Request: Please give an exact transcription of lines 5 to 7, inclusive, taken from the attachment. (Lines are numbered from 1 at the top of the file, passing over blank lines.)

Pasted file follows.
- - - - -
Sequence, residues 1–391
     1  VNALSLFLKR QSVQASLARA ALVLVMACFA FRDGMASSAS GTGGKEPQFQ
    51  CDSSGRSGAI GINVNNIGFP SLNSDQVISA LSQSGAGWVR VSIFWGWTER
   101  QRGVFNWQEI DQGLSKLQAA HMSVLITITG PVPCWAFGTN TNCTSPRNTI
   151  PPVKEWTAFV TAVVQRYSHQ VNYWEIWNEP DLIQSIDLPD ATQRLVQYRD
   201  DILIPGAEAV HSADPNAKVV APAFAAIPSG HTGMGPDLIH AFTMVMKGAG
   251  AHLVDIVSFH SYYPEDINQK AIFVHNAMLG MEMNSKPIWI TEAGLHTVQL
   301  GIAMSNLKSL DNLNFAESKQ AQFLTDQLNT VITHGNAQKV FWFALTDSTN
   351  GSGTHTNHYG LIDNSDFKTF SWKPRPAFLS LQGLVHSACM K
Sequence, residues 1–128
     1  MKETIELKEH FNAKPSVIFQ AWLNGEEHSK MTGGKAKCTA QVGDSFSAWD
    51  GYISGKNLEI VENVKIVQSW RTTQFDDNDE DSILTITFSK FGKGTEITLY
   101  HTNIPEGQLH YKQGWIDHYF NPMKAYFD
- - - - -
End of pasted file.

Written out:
   151  PPVKEWTAFV TAVVQRYSHQ VNYWEIWNEP DLIQSIDLPD ATQRLVQYRD
   201  DILIPGAEAV HSADPNAKVV APAFAAIPSG HTGMGPDLIH AFTMVMKGAG
   251  AHLVDIVSFH SYYPEDINQK AIFVHNAMLG MEMNSKPIWI TEAGLHTVQL